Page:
Diversity not always the issue

Phil Schurrer and Phil Schurrer

A week ago, I went online to order furnace filters for my home. I finally located a company that had the proper size in stock and at a price I felt reasonable. Its Web site noted that the business was ‘woman-owned.’

To be perfectly honest, I didn’t care if a woman, a homosexual, a Martian or a two-headed unicorn owned the business. My sole purpose was to obtain the proper furnace filters at an acceptable price.

I’m becoming rather upset at having ethnic/gender identification or a justification for diversity shoved at me every time I complete a form, read the paper or view a mission statement for any organization.

The social engineers and other non-productive busybodies in our society seem to be in the driver’s seat and have decreed that our courts, businesses, faculties, managements or any other gathering of humans must be a demographic mirror of the population at large. Failure to achieve these magical ratios could possibly bring to scrutiny any number of groups, including the Department of Justice, liberals, commentators, certain academics, or the media.

Frankly, there is no logical or rational reason why we should expect any group of humans to be reflective of the population at large if the individuals select themselves for membership in a particular group.

Two examples come to mind: the NBA and the NHL. Both groups are comprised of athletes who volunteered, rather than being randomly selected from the general population, for membership. Moreover, the level of play in each sport would be arguably diminished if the membership of each group were demographically representative of the population at large. Diversity does not automatically lead to better outcomes. The quality of the individuals involved does.

Regardless of one’s viewpoint on the fitness of Sonia Sotomayor to serve on the Supreme Court, we should give her and Barack Obama credit for bringing the issue of identity politics to the forefront of our national discussion. Perhaps we can have a rational debate about it and put it to rest.

The critical point is not that, at one time in the past Sotomayor felt more qualified due to her gender and ethnic background. The larger issue is that a white male uttering the same phrase but substituting his race and gender could measure the remainder of his career with an egg timer. She, on the other hand, seems to be given a free pass. We need to discuss this anomaly separately from her qualifications to sit on the high court.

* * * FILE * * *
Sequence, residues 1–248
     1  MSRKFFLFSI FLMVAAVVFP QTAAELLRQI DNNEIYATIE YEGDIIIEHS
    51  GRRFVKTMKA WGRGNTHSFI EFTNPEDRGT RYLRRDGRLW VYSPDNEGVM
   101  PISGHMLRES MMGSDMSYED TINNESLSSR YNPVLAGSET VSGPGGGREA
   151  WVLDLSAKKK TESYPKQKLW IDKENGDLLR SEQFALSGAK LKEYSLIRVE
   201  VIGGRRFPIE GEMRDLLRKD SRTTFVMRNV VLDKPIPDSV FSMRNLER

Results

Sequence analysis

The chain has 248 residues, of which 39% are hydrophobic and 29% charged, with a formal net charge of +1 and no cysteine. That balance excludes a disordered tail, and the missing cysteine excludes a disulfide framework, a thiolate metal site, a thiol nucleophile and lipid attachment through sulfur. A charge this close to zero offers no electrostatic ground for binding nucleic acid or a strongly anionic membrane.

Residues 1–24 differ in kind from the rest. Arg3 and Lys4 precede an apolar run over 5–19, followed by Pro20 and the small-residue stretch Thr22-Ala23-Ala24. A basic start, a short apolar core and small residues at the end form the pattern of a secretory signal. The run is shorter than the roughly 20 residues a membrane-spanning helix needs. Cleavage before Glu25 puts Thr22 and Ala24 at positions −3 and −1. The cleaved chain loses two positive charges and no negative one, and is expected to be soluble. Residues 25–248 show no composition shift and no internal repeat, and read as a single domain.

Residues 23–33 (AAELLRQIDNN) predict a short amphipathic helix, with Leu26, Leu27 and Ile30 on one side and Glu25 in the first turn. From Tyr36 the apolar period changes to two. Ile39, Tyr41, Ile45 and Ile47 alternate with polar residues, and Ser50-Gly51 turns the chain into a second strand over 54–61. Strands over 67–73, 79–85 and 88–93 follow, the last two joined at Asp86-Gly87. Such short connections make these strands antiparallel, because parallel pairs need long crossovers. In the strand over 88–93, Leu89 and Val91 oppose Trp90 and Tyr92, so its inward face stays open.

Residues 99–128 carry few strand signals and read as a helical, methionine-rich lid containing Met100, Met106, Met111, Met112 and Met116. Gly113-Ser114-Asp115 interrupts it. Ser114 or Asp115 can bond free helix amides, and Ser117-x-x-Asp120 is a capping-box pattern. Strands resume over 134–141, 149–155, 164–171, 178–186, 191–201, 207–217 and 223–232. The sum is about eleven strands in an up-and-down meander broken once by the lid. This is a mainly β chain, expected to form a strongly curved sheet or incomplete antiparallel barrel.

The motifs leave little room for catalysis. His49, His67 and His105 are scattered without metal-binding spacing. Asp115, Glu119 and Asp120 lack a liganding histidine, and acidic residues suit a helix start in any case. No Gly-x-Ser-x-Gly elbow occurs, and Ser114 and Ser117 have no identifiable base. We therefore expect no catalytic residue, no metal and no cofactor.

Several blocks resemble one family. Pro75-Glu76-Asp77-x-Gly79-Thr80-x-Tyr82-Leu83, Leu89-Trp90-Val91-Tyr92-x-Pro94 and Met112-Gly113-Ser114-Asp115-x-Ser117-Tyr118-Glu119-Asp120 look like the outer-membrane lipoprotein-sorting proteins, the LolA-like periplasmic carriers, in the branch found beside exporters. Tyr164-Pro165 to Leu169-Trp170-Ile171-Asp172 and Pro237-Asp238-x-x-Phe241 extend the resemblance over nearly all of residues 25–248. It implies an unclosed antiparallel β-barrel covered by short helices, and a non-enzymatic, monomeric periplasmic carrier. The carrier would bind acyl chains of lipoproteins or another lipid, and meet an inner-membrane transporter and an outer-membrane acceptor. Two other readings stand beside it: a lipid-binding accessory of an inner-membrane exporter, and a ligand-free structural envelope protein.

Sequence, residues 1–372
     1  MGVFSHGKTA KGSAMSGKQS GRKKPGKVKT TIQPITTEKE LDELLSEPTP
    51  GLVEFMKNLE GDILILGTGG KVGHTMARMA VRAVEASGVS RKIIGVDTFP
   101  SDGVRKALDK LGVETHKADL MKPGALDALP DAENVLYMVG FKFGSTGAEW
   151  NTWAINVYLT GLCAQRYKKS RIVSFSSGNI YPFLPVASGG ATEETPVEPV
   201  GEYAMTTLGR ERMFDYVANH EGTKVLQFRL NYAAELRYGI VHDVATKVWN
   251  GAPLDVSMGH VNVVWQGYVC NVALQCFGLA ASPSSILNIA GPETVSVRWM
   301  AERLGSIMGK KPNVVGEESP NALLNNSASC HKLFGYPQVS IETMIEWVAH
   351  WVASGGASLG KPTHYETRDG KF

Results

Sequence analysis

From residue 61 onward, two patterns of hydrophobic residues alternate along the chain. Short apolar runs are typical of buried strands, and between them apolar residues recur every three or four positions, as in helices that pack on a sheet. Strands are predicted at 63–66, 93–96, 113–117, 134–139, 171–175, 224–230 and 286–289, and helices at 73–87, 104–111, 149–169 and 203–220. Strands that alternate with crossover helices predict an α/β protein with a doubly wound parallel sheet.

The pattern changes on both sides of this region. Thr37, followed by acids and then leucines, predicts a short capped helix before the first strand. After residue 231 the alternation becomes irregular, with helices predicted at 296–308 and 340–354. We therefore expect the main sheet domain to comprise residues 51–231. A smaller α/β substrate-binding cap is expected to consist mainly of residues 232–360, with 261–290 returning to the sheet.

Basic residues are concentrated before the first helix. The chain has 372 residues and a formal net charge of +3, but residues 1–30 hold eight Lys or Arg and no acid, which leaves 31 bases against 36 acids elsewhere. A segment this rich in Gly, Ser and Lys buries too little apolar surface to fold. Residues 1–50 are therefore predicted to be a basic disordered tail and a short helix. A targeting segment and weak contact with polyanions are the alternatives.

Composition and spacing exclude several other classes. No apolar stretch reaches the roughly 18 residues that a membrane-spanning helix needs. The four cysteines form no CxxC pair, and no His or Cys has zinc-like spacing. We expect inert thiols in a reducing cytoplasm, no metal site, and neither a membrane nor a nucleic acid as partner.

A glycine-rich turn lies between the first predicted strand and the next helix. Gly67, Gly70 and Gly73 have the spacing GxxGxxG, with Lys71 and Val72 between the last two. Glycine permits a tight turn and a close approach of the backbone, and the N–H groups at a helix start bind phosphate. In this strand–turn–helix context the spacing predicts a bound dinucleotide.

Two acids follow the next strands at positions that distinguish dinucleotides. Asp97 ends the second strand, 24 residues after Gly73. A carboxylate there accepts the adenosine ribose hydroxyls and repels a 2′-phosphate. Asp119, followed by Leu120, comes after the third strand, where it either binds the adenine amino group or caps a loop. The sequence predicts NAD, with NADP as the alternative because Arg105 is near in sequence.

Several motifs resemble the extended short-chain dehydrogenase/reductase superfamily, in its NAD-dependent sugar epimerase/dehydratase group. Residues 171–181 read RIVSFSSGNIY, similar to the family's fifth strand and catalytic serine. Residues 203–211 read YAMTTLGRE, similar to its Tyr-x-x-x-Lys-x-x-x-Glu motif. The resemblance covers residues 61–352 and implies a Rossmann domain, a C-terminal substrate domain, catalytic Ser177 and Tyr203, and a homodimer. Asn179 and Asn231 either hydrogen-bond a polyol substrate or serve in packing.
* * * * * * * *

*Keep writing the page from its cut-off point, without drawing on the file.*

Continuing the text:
Addressing the Knights of Columbus in New York City in 1915, Theodore Roosevelt said: ‘There is no room in this country for hyphenated Americanism ‘hellip; A hyphenated American is not an American at all ‘hellip; This is just as true of the man who puts ‘native’ before the hyphen as of the man who puts German or Irish or English or French before the hyphen. … The one absolutely certain way of bringing this nation to ruin, of preventing all possibility of its continuing to be a nation at all, would be to permit it to become a tangle of squabbling nationalities.’

More recently, Chief Justice Roberts spoke to this point. He noted that the way to end discrimination in this county is – to end discrimination in this country. He received a barrage of grief, but he’s correct. Continual picking at a scab does not promote the healing of a wound.

Don’t look for it to come anytime soon, however. There’s a whole industry and series of career paths based on identifying and measuring how different we are from one another based on artificial and needless criteria such as gender, race, religion, politics, etc.

Affirmative action programs and set-aside quotas would become extinct, and diversity managers and statement writers would have to find something more productive to do. Since so much emphasis is placed on how different we are from one another, any attempt to treat people merely as people seems doomed from the start.

And yet, we can’t give up the fight of trying to rid our nation and culture of the curse of identity identification. Every human is entitled to respect and dignity and deserves to be judged on his/her merits, abilities and accomplishments, not what ethnic group he/she belongs to. Period. No more. No less.

One instrument for achieving this is the free market. When people are attracted to a business by the quality of the goods or services rather than color of skin or the genitalia or orientation or politics of those providing the goods or services, we will have made major strides. The ‘invisible hand’ is alive and well. Enlightened self-interest can do wonders.

In my own case, I didn’t seek a women-owned business to take care of my needs. I didn’t seek to change society or give a women- or minority-owned businesses preferential treatment through my transaction.

I merely wanted furnace filters.